Presentation on theme: "NEWCOMER AND RACIAL MINORITY PERCEPTIONS OF THE CANADIAN CRIMINAL JUSTICE SYSTEM: RESULTS FROM A 2007 TORONTO SURVEY Scot Wortley and Akwasi Owusu-Bempah."— Presentation transcript:
NEWCOMER AND RACIAL MINORITY PERCEPTIONS OF THE CANADIAN CRIMINAL JUSTICE SYSTEM: RESULTS FROM A 2007 TORONTO SURVEY Scot Wortley and Akwasi Owusu-Bempah
RESEARCH QUESTIONS 1) Do immigrants and racial minorities evaluate the performance of the police and criminal courts differently than native-born Canadians? 2) Do immigrants and racial minorities perceive more bias in the justice system? 3) Do immigrant perceptions of the justice system vary by time spent in Canada? 4) Do other personal characteristics and experiences explain racial differences in perceptions of the justice system.
THE DATA 2007 survey of 1,522 Toronto adults (18 years of age or older). Stratified sample designed to produce a representative sample of black, Chinese and white residents (over 500 respondents from each group). Response rate=73%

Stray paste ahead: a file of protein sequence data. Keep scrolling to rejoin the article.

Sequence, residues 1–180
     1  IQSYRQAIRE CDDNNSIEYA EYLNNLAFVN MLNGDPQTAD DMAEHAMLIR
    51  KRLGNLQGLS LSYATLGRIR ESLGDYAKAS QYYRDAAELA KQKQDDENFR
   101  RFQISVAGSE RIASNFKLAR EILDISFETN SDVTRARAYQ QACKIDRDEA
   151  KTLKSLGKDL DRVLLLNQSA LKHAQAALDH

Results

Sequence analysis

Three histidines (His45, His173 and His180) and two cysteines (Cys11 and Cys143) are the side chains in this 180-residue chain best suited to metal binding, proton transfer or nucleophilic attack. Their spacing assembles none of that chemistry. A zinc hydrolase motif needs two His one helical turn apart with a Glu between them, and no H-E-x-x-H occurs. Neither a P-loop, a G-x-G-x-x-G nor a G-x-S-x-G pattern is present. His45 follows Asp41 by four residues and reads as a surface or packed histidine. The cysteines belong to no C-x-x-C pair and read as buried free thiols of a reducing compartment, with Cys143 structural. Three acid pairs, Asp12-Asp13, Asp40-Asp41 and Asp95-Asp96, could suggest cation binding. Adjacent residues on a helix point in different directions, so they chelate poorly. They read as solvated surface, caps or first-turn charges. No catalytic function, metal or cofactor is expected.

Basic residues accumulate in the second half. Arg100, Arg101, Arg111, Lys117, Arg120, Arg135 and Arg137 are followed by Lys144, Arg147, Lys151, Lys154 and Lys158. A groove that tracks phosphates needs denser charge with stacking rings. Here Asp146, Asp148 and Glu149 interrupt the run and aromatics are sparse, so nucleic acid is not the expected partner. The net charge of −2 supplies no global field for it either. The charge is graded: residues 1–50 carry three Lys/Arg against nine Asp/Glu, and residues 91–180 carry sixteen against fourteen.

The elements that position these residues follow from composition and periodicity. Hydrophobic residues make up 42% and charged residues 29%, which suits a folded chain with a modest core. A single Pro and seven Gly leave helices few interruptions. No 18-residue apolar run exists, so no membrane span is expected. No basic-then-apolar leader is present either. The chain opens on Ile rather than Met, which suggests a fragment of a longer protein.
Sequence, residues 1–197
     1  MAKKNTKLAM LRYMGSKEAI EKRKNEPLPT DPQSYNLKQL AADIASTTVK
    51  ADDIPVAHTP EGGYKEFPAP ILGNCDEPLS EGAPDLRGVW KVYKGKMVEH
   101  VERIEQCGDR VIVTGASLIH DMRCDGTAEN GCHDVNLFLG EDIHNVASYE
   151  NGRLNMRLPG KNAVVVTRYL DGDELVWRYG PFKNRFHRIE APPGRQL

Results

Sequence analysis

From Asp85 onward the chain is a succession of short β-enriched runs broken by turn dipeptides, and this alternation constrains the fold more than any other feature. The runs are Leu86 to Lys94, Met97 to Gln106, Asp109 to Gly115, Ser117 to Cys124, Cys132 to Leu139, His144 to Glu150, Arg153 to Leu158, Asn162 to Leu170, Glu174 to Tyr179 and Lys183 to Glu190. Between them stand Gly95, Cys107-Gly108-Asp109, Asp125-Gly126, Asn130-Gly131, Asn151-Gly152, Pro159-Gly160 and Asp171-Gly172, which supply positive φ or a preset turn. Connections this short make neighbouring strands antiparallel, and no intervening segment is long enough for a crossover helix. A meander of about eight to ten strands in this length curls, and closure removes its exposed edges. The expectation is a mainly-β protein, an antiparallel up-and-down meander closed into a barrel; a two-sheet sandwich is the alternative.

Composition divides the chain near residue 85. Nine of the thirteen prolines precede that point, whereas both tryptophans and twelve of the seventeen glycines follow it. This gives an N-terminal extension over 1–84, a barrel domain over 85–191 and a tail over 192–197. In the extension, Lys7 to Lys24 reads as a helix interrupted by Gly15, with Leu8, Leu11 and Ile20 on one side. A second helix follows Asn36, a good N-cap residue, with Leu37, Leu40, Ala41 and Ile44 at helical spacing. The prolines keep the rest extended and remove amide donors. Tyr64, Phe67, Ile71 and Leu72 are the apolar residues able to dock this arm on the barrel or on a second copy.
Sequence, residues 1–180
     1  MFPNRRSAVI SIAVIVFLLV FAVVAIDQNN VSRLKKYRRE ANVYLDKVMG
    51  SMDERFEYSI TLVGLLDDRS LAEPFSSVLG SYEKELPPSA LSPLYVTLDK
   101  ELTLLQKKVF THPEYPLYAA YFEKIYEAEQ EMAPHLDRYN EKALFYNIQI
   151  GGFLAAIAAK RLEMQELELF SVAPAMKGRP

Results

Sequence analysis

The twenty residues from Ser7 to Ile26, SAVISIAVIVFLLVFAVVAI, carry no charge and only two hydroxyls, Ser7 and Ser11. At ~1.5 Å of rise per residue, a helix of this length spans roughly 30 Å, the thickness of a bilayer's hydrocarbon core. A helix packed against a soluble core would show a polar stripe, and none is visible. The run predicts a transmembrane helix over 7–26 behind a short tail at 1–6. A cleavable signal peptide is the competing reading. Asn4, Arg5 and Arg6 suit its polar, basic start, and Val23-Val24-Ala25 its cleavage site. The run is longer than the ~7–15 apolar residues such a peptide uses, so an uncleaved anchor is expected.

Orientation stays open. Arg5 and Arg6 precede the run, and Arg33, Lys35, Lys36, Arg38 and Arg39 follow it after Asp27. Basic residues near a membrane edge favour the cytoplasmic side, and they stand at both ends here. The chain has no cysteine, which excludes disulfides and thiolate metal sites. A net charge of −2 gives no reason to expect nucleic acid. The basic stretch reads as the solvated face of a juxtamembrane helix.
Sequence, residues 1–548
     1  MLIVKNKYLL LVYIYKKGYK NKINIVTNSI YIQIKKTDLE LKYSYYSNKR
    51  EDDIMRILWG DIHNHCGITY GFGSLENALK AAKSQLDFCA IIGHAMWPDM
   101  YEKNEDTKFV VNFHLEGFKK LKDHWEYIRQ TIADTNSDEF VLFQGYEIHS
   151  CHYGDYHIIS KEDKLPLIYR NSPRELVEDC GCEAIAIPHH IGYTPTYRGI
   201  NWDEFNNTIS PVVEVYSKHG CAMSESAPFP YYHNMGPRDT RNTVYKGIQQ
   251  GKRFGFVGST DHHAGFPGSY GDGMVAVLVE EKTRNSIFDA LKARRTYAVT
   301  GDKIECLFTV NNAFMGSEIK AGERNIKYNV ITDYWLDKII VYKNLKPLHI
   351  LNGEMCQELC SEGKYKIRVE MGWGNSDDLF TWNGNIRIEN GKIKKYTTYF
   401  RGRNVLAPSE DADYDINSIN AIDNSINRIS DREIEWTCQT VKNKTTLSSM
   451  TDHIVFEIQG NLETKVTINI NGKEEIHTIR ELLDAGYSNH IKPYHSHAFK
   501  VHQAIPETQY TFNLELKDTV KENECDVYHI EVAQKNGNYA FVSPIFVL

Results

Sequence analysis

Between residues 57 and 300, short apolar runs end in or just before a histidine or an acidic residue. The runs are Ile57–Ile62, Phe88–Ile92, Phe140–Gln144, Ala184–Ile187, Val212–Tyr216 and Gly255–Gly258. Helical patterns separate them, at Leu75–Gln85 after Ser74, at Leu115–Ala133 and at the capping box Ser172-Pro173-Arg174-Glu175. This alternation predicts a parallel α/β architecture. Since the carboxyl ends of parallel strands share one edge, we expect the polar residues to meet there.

Mean Scores on Police and Court Evaluation Scales, by Length of Time in Canada
Mean Scores on Police and Court Evaluation Scales, by Race
Mean Scores on Police and Court Bias Scales, by Length of Time in Canada
Mean Scores on Police and Court Bias Scales, by Race
Mean Score on Police Bias Scale, by Race and Time in Canada
Multivariate Analyses: Significant Predictors Race and Immigration Status Age Education Social Class Record of arrest Marijuana use Police stops Vicarious Police Contact
Discussion Questions Why do some Canadians evaluate the police and courts more highly than others? Why do some Canadians perceive bias in the justice system? What are the consequences of negative perceptions? How can we improve perceptions?
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